Hamilton said he hoped the findings of a study he commissioned into improving the representation of minorities in the industry would be “part of my legacy”.
The report was conducted in partnership with the Royal Academy of Engineering.
“I look back at my young self and wish it was different and I want to be a part of that change,” Hamilton said.
“If I can change that, it would be the most valuable thing for me.”
The Hamilton Commission’s report was compiled by a series of experts on education, motorsport and diversity.
It found wider societal issues were affecting black students’ opportunities within the UK motorsport industry, as well as specific barriers within the industry itself.
Mercedes driver Hamilton, a seven-time Formula 1 world champion, said: “We realise it’s not just the motorsport industry that needs to change; we found there are still systemic issues facing young black people at all levels of the education system.”
Why do the report?
Hamilton started work on setting up the commission after the 2019 F1 season, when he noticed the lack of ethnic minorities in photos taken by the teams.
He made its existence public last summer, after the global outcry against racial discrimination that followed the killing of unarmed African-American George Floyd by US police.
Hamilton, F1’s only black driver, said: “The question has always been asked: ‘What do I want my legacy to be?’ I remember not perhaps giving it much thought.
“When I was younger, it was to be regarded as one of the best F1 drivers, but over time I have had the success, and the joy that brings is always short-lived.
“I have been thinking: ‘Gee, there must be a reason that I somehow slipped through the cracks and not only got into the sport but am at the front of it and what am I going to do with all these titles?’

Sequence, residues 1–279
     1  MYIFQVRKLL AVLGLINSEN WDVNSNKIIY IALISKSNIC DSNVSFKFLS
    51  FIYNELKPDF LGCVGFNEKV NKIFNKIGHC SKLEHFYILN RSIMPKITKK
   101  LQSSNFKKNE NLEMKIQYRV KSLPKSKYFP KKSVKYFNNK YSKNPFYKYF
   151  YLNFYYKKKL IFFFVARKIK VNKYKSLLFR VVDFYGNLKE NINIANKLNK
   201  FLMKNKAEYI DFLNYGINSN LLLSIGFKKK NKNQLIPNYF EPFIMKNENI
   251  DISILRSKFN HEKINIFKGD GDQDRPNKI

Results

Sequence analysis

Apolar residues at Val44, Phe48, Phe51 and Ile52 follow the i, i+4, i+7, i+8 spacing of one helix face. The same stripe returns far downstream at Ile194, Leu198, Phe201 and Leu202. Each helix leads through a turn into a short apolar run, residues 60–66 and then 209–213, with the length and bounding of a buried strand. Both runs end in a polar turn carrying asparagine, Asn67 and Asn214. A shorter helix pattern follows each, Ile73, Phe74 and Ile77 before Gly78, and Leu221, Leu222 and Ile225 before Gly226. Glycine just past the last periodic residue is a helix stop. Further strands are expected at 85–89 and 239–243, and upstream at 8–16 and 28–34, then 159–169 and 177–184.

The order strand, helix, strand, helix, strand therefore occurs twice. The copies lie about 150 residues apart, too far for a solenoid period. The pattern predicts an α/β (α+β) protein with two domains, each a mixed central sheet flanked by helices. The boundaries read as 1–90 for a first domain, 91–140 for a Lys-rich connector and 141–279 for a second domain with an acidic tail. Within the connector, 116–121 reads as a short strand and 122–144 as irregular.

“The universe works in mysterious ways. At the end of 2019, I came up with this commission idea and we had started working on it and then the whole thing happened with George and that whole movement and it coincided with what we were trying to do and I really felt like I had discovered my purpose.
“I would like to be remembered for much more than winning championships, which is an amazing thing on its own, but for actually helping people and changing the industry and the viewpoints.
“We are all the same. We all bleed the same. There is no reason why it shouldn’t be as diverse as the world around us. All it takes is the shift of the needle and then in the long distance that can be a whole continent’s size. It could be huge.”
What are the recommendations?
Among the impediments to black success in the motorsport industry, the report found evidence of both explicit racism, and a lack of regard for the issue, as well as practical and logistical obstacles for candidates from minority backgrounds.
Among the issues raised were that none of the F1 teams had ethnicity data for their employees. Rhys Morgan, director at the Royal Academy of Engineering and an author of the report, said their figure of 1% of F1 employees being black was an estimation as a result.